Delhi Reflections

We landed in the capital city, Delhi, at around 1 a.m. local time on Monday morning. Half-awake and disoriented, we scrabbled to find our checked bags, hopped onto a bus, and arrived at a hostel just after 5 a.m. This put us at around 30 hours of traveling from when we left EMU at noon on Saturday!

The following morning, we got up respectably early to fend off the jet lag and tour the more modern section of the city called New Delhi. This was an effective introduction to India as we immediately faced poverty, the chaotic traffic, and street vendors trying to get us to buy their products. Furthermore, New Delhi is accustomed to tourism so we were able to ease into being a minority in such a large city.

It wasn’t until Wednesday – when we visited the more archaic section of the city called Old Delhi — that many of us began to feel the culture shock that India presented. Motorcycles, rickshaws, and compact cars packed the streets as we staggered through the metropolis to tour Jama Masjid, the largest mosque in India, and eventually eat at a popular Muslim restaurant called Karim’s. The smell of the urine, feces, and pollution wafted through the air, and at one point, I was certain that every square foot in front of me was occupied.

Personally, one of the most shocking aspects of touring Old Delhi was watching the poverty pass us by after gorging ourselves at a local eatery. We crammed into Karim’s and ordered kabobs, buttered and garlic naan, delicious buttered chicken, and other mouth watering Indian foods. However, when we finished up our feast, thoughts were swimming in my head as we walked past the homeless. How could we just ignore these beggers after filling our stomachs with more than enough food? What could I do to help? Where do these people find shelter?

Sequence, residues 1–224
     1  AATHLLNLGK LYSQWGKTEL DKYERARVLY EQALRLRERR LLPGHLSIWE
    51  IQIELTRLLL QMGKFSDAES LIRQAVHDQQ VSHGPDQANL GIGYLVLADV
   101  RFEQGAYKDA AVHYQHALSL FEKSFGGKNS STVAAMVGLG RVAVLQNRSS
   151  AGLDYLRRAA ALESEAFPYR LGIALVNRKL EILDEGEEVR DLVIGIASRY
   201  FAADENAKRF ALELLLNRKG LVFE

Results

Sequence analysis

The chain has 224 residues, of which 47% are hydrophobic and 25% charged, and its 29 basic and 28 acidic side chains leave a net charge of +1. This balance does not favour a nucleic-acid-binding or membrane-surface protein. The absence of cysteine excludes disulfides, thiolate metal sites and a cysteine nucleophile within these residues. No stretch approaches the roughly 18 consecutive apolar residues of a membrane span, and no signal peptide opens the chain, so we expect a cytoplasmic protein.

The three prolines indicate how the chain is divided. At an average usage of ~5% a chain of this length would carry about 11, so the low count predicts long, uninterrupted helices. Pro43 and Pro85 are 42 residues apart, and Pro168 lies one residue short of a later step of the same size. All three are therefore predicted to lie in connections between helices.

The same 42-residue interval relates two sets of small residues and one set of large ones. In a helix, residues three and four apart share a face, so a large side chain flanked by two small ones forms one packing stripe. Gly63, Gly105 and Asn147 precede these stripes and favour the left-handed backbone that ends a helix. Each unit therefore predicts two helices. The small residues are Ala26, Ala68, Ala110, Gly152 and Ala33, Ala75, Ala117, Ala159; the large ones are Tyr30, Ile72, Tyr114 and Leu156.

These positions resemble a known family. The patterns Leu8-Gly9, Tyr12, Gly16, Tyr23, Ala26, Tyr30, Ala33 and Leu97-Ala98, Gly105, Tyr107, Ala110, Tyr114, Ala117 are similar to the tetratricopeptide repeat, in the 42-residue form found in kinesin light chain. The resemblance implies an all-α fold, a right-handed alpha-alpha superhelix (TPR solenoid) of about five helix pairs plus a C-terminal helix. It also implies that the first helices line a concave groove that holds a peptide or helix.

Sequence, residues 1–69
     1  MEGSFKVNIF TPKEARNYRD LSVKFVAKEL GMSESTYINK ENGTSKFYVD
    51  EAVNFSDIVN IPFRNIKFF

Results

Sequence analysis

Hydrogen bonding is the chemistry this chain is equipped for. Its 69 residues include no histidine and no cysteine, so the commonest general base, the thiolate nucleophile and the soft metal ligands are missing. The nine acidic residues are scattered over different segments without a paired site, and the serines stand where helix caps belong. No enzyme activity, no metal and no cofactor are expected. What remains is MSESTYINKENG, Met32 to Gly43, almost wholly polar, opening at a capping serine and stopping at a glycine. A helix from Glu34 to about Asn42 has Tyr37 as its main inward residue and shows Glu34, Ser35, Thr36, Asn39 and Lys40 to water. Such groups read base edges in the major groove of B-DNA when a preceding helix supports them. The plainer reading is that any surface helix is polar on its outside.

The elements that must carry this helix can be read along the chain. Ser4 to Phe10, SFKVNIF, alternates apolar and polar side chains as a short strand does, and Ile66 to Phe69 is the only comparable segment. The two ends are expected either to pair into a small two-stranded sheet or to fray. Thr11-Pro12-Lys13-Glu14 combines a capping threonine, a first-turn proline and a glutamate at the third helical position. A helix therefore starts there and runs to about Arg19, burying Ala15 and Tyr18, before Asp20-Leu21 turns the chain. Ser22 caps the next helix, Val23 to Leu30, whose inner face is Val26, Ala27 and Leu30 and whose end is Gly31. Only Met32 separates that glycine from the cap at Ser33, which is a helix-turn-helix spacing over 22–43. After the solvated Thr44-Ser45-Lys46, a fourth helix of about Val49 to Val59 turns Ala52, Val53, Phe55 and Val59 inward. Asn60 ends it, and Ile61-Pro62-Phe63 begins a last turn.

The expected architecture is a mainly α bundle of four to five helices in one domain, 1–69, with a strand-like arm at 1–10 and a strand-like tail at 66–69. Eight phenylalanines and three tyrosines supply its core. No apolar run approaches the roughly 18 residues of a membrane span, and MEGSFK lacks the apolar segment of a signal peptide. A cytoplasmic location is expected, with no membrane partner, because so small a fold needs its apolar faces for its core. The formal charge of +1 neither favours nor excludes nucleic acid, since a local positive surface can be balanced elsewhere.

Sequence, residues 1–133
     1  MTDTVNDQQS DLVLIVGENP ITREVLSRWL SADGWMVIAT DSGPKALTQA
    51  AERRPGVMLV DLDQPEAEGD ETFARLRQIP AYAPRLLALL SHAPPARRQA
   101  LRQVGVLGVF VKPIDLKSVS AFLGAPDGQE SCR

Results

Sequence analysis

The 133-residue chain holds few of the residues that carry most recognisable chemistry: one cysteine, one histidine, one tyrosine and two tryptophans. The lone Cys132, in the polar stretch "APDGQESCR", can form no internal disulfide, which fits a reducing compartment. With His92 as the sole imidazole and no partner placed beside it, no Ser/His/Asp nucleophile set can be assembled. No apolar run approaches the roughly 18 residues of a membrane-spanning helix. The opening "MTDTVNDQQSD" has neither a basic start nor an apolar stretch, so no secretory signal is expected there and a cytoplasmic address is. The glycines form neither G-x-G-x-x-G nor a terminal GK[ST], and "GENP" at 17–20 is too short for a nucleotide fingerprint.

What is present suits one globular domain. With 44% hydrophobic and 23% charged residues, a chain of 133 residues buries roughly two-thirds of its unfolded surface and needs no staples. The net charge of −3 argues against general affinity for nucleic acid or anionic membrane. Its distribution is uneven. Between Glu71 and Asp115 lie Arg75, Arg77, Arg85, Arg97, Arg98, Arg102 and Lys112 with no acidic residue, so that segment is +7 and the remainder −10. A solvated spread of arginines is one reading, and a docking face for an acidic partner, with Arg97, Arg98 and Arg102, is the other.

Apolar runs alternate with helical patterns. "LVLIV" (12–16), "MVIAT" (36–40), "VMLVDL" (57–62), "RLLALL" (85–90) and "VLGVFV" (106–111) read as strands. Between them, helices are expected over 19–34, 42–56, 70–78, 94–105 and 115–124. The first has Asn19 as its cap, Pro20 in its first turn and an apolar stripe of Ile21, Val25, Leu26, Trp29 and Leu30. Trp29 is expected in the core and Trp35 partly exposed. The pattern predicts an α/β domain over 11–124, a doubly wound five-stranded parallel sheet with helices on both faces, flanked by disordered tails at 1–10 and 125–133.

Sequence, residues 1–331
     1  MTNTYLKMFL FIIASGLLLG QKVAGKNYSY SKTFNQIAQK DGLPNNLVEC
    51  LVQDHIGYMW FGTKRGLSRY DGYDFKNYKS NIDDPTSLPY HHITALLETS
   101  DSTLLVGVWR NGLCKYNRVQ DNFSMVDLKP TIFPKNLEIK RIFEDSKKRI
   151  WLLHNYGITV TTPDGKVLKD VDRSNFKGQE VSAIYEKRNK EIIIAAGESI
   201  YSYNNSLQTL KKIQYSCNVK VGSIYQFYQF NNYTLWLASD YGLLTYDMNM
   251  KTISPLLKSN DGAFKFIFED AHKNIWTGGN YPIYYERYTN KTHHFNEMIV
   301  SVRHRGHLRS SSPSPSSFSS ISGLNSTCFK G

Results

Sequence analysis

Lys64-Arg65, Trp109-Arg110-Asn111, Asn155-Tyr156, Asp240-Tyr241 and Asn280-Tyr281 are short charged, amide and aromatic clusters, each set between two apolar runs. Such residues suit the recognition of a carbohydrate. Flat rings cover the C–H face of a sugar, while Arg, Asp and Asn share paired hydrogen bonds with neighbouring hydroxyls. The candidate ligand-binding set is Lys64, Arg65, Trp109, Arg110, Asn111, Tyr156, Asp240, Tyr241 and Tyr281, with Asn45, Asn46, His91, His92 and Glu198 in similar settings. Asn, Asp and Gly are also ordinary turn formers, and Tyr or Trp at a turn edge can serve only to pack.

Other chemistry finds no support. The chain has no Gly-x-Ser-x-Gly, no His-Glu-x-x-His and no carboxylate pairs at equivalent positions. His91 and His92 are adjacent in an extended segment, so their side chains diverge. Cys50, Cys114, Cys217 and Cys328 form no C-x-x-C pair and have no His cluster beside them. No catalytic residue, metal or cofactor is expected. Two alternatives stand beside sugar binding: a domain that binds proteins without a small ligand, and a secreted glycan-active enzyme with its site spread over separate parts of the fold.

I look forward to processing these questions with my peers in the future and digging into the issues surrounding modern-day India. The trip has blown my mind already and we haven’t even been here for a week!

-Ben Zook

Delhi Reflection

into the noise
and bustling crowd
I am walking
faster than my aching heart

journeys so distant
drawing closer
in moments amidst the blur

each alley
each space
bound in new color
weaving and breathing
with human life

– Luke Mullet

Group picture at the Taj Mahal